Here we have two cops who are similar in nature as noted via wikipedia:
Detective Victor Samuel “Vic” Mackey, portrayed by Michael Chiklis, is a fictional Immigration and Customs Enforcement agent, former Los Angeles Police Department detective and the former leader of the Strike Team, a four-man anti-gang unit in the FX crime drama series The Shield. Mackey was a corrupt police officer; he stole from drug dealers, routinely beat suspects and committed murder on at least three occasions. While two of the victims were violent gangsters, one was a member of his own team who was secretly working to expose Vic and his unit. Mackey sees his tactics as a means to an end. He is a devoted father and sees himself as a family man.
Jack Bauer is the protagonist of the American television series 24, in which he has trained and worked in various capacities as a government agent, including U.S. Army Delta Force, Los Angeles Police Department, SWAT, CIA, and during the course of the show, the Counter Terrorist Unit and the FBI (in the latest season 7). Within the 24 storyline, he is a key member of CTU and is often portrayed as the best agent CTU has. Bauer’s job usually involves him helping prevent major terrorist attacks on the United States, saving both civilian lives and government administrations. On many occasions Jack does so at great personal expense, as those he thwarts subsequently target him and his loved ones. Bauer’s frequent use of torture to gather information has generated much controversy and discussion.
This begs the question; who do you choose? I began to think about which cop/agent I would want on my side? I like to plunge myself into these comparison scenarios like Jason Bourne vs. James Bond. (But that is for another time.) For example, both use a fair amount of behind the scenes “tactics” to get the answers they need and yet, both are family men. Go a step further, on a local level, Vic wins out because of his connections and intel on gangs. On a State or Federal level, Jack has more military training plus high tech support that can assist him in real time. So, what else can I go with this?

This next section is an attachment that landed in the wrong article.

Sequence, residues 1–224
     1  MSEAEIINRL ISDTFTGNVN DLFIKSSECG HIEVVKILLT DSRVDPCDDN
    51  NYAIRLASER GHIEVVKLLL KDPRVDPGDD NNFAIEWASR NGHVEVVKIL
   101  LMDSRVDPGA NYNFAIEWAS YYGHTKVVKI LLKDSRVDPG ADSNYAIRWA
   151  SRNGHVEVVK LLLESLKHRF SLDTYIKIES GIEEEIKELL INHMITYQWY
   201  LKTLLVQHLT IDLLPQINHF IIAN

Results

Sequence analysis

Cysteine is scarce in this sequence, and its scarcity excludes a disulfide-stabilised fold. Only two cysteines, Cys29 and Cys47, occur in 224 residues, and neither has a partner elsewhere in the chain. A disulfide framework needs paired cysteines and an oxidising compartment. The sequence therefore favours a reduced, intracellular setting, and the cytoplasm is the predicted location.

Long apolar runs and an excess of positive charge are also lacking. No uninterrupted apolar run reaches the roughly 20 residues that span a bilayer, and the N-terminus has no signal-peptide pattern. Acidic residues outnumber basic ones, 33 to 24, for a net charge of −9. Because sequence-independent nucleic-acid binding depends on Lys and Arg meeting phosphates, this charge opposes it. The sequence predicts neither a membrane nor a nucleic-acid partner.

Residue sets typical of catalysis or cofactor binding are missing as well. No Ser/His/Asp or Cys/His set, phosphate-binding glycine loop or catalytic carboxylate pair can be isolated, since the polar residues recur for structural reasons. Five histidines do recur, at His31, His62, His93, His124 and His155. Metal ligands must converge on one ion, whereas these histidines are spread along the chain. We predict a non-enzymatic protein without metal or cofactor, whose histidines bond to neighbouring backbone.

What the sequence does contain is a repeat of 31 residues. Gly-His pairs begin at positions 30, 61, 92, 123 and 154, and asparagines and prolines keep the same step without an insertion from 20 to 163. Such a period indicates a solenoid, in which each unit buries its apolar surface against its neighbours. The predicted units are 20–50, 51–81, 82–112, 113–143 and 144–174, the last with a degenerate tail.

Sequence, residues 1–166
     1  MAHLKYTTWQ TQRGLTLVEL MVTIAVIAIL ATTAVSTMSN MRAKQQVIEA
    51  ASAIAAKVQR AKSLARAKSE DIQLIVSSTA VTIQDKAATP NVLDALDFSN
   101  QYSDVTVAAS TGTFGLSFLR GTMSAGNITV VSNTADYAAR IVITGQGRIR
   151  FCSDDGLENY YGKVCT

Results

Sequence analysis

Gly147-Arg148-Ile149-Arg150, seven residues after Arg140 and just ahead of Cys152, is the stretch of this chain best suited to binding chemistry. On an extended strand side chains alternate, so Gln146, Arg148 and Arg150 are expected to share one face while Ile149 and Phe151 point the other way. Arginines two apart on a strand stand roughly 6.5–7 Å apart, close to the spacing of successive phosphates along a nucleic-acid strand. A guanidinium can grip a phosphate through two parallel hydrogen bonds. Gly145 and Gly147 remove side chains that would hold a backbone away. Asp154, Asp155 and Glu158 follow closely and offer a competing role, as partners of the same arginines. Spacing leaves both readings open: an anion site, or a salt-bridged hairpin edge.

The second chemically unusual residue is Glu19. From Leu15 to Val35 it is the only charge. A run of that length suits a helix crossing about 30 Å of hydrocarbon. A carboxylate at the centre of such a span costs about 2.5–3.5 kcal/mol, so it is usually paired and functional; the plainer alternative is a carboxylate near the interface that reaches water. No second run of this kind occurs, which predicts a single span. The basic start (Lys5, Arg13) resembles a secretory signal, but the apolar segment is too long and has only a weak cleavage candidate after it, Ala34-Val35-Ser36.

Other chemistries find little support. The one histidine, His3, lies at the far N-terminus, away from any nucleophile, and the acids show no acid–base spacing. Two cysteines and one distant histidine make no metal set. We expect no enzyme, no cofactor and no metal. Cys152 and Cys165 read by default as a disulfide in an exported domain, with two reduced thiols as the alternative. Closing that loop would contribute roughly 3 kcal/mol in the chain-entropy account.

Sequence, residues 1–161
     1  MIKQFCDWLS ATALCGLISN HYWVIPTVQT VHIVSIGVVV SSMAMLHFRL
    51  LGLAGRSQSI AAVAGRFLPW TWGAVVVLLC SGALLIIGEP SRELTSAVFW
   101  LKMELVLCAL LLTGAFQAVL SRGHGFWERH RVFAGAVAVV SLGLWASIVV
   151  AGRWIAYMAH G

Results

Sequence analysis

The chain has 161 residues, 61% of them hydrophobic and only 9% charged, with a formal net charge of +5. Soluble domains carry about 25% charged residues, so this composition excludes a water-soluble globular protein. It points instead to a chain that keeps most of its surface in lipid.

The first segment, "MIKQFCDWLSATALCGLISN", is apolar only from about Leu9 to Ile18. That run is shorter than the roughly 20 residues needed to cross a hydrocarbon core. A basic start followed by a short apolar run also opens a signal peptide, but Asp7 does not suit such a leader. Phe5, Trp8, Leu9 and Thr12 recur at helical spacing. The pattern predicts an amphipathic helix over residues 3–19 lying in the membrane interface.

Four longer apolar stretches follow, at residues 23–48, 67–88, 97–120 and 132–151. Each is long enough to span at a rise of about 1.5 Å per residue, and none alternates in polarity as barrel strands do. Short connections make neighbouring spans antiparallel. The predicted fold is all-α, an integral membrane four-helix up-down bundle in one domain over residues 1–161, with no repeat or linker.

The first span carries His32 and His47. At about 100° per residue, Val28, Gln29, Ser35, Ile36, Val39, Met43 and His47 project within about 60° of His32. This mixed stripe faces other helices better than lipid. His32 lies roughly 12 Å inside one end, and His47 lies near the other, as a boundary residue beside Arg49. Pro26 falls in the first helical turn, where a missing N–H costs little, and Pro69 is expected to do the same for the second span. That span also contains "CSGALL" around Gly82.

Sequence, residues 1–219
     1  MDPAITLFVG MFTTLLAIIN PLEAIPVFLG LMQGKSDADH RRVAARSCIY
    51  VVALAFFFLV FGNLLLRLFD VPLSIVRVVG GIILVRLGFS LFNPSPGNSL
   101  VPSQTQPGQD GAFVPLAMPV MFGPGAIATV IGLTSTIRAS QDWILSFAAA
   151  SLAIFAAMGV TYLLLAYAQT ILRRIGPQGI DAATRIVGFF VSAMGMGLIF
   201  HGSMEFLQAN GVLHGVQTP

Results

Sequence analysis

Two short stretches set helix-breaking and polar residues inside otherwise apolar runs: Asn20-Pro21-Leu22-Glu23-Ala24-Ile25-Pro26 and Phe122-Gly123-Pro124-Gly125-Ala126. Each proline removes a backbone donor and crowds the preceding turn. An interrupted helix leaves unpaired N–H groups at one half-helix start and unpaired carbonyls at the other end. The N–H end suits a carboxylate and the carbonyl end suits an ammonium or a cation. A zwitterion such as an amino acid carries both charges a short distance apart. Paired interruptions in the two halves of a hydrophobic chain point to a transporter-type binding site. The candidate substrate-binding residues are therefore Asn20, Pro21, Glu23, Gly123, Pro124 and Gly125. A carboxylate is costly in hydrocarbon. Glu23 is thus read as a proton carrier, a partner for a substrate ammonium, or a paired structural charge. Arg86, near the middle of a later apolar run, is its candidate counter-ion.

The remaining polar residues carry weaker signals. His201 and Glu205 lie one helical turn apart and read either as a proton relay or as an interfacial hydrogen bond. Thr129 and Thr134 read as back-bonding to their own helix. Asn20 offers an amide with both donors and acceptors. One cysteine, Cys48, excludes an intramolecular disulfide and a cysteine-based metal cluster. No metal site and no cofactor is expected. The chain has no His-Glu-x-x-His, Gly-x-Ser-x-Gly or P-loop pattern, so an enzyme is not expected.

On the Shield, Vic has an ex-wife Corrine who takes care of there 3 kids; 2 of which are autistic. Much of his child support comes from money his made on the streets from reselling drugs they seized and the Armenian money train. Towards the end of season 6, his family became more endangered due to Vic’s past crimes with the Armenians. In season 7, Corrine was used to lure Vic into several sting operations to get him arrested but failed every time. In the end, Vic’s family was put into witness protection was not seen again.
On 24, Jack was married, Teri, and a daughter, Kim, in season 1. Teri did die at the end of this season. Relations between Jack and Kim were strained over the years as he was in and out of life. In season 3, Kim is now working for CTU and gets to work with her father. In season 5, the two are separate again as Kim can not handle all that follows Jack. Not until near the end of season 7 where an experimental treatment Kim undergoes to save for father’s life do we see them together. At the beginning of season 8, Jack loves his new role as grandfather to Kim’s daughter.